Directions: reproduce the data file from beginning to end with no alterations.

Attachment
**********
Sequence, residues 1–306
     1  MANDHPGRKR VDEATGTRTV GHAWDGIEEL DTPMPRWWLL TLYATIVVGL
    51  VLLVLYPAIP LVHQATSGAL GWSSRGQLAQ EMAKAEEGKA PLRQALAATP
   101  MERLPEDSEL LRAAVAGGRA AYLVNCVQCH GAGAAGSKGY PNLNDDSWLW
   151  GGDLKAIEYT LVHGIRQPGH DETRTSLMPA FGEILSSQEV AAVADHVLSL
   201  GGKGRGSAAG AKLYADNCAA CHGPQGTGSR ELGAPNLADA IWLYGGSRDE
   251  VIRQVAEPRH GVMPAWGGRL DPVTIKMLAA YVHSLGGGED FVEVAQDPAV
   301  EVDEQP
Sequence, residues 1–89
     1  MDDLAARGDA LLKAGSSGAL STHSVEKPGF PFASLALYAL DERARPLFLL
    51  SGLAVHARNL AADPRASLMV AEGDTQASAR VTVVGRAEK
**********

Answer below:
Sequence, residues 1–306
     1  MANDHPGRKR VDEATGTRTV GHAWDGIEEL DTPMPRWWLL TLYATIVVGL
    51  VLLVLYPAIP LVHQATSGAL GWSSRGQLAQ EMAKAEEGKA PLRQALAATP
   101  MERLPEDSEL LRAAVAGGRA AYLVNCVQCH GAGAAGSKGY PNLNDDSWLW
   151  GGDLKAIEYT LVHGIRQPGH DETRTSLMPA FGEILSSQEV AAVADHVLSL
   201  GGKGRGSAAG AKLYADNCAA CHGPQGTGSR ELGAPNLADA IWLYGGSRDE
   251  VIRQVAEPRH GVMPAWGGRL DPVTIKMLAA YVHSLGGGED FVEVAQDPAV
   301  EVDEQP
Sequence, residues 1–89
     1  MDDLAARGDA LLKAGSSGAL STHSVEKPGF PFASLALYAL DERARPLFLL
    51  SGLAVHARNL AADPRASLMV AEGDTQASAR VTVVGRAEK